Genocide fugitive Twagirayezu to appear before Danish court for extradition trial

A Danish court will today begin the extradition trial of Genocide suspect Wenceslas Twagirayezu, according to sources from Copenhagen, the capital of the Nordic country.
Mbarushimana when he was extradited from Denmark in 2014. He was last month sentenced to life imprisonment over his role in the Genocide against the Tutsi.. File.
Mbarushimana when he was extradited from Denmark in 2014. He was last month sentenced to life imprisonment over his role in the Genocide against the Tutsi.. File.

A Danish court will today begin the extradition trial of Genocide suspect Wenceslas Twagirayezu, according to sources from Copenhagen, the capital of the Nordic country.

Arrested in May last year, Twagirayezu, 50, lives in Smørum, a small town north of the capital Copenhagen.

“The case regarding the extradition of Wenceslas Twagirayezu will commence Monday at the city court of Hillerød north of Copenhagen,” a source said in an email to The New Times.

The suspect is represented by defence lawyer Bjørn Elmquist.

Twagirayezu was naturalized as a Danish citizen in 2004, having arrived in the Nordic country in 2001. He currently works for an IT company.

In a statement last year, the Danish Prosecution, which had refused to reveal the name of the suspect, said they had a serious case against him.

“We have a very serious case here. The 49 year old man is suspected to have participated in massacres (of) more than a thousand people, according to the Rwandan authorities. It’s a very serious matter to send a Danish citizen to the courts in Rwanda.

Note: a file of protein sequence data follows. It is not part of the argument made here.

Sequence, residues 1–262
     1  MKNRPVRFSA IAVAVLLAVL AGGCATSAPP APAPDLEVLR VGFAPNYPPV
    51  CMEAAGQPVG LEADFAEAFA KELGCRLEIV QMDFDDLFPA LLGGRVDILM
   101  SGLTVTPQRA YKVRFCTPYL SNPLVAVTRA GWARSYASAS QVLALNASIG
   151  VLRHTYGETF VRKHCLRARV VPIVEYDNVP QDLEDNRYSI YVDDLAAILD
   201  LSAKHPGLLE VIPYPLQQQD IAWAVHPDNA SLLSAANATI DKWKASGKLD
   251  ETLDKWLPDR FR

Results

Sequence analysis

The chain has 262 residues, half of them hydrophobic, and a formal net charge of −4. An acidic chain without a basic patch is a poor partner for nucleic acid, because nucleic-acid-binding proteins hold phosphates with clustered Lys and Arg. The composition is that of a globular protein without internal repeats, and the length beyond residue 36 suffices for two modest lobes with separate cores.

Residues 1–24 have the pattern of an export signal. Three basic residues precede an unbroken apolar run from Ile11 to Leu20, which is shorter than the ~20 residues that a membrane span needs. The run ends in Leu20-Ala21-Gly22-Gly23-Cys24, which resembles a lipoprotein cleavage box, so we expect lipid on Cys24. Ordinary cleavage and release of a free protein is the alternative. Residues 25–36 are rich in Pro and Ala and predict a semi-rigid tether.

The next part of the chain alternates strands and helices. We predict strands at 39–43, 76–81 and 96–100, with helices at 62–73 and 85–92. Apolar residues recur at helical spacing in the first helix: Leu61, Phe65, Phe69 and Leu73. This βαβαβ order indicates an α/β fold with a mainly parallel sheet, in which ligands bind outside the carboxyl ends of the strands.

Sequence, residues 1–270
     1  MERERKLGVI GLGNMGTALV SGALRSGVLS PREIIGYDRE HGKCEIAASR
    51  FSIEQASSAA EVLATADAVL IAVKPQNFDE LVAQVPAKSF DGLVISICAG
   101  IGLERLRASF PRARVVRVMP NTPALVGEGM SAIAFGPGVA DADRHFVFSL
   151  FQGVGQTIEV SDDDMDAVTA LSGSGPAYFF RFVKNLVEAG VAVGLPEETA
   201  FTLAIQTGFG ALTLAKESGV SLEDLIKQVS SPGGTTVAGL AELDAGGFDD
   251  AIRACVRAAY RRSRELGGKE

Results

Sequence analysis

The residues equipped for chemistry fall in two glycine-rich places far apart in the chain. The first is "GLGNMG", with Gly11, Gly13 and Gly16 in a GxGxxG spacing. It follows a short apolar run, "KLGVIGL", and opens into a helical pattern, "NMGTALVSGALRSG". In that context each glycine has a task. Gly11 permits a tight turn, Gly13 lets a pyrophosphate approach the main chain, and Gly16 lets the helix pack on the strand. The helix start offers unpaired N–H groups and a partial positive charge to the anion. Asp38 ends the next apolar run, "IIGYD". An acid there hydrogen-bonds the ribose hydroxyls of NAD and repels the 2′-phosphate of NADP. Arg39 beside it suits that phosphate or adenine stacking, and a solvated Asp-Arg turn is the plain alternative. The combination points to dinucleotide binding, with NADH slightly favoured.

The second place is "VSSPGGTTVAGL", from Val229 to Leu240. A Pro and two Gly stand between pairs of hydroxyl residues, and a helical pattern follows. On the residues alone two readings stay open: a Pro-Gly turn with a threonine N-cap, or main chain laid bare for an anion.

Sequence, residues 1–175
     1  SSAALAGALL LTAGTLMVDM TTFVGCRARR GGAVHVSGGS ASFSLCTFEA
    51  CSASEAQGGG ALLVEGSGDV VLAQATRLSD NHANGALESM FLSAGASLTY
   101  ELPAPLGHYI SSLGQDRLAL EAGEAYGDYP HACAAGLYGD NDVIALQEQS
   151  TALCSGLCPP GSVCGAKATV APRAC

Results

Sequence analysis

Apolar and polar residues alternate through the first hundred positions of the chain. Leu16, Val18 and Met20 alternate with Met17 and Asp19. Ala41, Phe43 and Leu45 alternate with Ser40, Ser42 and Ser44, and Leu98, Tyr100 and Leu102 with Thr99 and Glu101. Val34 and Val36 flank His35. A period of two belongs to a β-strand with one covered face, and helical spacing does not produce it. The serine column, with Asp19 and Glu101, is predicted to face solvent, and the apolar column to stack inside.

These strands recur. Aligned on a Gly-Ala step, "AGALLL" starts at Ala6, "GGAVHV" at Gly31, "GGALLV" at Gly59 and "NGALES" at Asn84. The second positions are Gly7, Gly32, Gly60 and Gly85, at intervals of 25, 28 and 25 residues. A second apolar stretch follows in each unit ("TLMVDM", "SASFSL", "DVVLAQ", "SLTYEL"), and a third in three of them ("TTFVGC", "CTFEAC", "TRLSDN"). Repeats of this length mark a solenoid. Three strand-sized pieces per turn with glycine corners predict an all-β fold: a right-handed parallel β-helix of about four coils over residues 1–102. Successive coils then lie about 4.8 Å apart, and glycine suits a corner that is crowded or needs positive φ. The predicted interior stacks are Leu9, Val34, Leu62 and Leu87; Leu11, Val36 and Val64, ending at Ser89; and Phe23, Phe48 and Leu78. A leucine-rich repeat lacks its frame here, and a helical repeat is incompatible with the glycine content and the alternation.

“However, after a very thorough investigation it’s our view that there’s sufficient reason to extradite him,” reads part of the statement released at the time.

Demark has already extradited to Rwanda one Genocide suspect – Emmanuel Mbarushimana – a former teacher who was last month sentenced to life over his role in the Genocide in the Southern Province.

About the suspect

Twagirayezu arrived in the Nordic country in 2001.

It is said that Twagirayezu, who apparently runs an organisation in Denmark called Dutabarane Foundation, was a teacher at Majambere Primary School in Busasamana Sector of the present Rubavu District.

He was well known in the former communes of Rubavu, Mutura and Rwerere. He openly carried a gun, according to a source who spoke to The New Times last year.

According to prosecution, the suspect was also the president of the extremist party, CDR, in the former Gacurabwenge Sector also in the current Rubavu District, and was a known militia leader in the area during the Genocide against the Tutsi.

CDR was composed of the most virulent members of the extremist political outfits that played a role in the Genocide.

Speaking to The New Times last week, Prosecutor General Jean Bosco Mutangana said that international arrest warrants had been issued for over 853 genocide fugitives from different parts of the world by end of 2017.

editorial@newtimes.co.rw

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